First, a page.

Shortage of gunny bags may create hindrances in Kharif procurement, starting November, with the jute industry failing to supply the required quantity of jute bags to pack and store the crops.
While average spot prices of raw jute are hovering at around Rs 6,000 per quintal, much above the average MSP of Rs 4,225 per quintal for the jute year 2020-21, the textile ministry has barred stocking more than 1,500 quintal of raw jute in one’s own account asking to sell out the excess stock from August 25 onwards. Despite the jute commissioner’s office ordering regular inspection of godowns to prevent stocking beyond the prescribed limit, hoarding is in continuance disrupting supplies, industry sources said.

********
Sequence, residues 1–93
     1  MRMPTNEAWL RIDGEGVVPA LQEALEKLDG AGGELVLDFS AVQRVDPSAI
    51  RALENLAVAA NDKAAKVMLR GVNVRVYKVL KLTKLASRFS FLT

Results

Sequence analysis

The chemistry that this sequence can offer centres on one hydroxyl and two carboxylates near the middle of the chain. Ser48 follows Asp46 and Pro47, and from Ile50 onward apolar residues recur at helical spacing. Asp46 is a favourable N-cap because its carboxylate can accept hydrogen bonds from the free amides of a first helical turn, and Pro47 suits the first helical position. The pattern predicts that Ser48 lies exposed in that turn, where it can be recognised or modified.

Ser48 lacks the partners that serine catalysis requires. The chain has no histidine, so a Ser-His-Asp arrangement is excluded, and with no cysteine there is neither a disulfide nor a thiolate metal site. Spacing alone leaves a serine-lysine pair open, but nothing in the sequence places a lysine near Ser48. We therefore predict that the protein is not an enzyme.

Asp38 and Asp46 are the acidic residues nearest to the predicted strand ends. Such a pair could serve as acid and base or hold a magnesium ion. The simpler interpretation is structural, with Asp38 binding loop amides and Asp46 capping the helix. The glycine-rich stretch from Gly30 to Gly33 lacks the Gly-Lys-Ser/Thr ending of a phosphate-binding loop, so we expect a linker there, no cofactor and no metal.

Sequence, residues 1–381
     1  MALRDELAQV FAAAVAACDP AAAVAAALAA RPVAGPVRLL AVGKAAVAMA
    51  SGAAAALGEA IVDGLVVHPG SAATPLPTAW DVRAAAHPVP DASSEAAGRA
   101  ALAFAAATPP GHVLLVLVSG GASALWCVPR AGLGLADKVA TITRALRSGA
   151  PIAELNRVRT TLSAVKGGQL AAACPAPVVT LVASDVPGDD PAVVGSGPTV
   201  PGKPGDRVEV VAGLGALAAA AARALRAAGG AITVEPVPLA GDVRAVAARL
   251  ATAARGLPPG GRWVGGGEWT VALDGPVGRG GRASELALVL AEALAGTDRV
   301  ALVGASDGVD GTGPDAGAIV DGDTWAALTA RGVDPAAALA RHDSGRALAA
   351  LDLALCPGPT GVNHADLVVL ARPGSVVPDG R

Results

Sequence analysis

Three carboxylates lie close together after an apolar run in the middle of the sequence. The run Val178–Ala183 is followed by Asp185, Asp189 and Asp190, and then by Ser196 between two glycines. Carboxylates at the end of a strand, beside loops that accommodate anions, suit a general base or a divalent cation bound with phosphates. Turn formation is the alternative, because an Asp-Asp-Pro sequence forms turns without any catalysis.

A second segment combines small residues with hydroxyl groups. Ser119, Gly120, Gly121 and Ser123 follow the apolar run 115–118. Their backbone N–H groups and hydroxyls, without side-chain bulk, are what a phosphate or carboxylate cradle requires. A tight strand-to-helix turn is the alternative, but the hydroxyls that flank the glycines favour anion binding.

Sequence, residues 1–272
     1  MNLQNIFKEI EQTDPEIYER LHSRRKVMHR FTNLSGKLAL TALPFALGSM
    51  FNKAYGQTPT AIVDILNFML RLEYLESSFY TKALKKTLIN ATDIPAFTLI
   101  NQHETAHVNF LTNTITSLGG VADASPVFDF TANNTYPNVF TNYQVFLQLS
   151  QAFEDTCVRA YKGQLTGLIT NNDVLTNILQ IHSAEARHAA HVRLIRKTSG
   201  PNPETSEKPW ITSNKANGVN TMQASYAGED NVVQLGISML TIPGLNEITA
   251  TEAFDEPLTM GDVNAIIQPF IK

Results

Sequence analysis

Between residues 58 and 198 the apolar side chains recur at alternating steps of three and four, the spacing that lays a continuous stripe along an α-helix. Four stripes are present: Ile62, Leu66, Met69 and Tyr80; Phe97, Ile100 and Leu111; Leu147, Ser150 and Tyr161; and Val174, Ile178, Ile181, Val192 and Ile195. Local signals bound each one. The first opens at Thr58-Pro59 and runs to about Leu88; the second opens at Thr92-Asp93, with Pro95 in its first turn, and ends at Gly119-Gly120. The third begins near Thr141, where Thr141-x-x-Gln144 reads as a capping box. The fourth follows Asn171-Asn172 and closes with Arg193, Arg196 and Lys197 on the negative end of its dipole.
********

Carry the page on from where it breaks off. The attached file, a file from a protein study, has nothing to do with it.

Sanjay Kajaria, former chairman, Indian Jute Mills Association (IJMA), said that the government has placed orders for 23 lakh jute bales equivalent of jute bags for the Kharif season, ‘but we (IJMA) have made clear that the jute mills will be able to execute order of up to 13 lakh bales equivalent jute bags, given the supply constraint of the fiber’.
‘Although the short supply is not being felt at the moment since jute growers are in the process of selling their produce, the crisis will be felt from January giving rise to possibility of a number of mills closing down,’ Kajaria said.
Recently three jute mills, North Brooke, Gondal Para and Savin Yemco, resumed operation in West Bengal, re-employing around 15,000 people, with an eye on the huge government orders. But executing the orders has posed a challenge.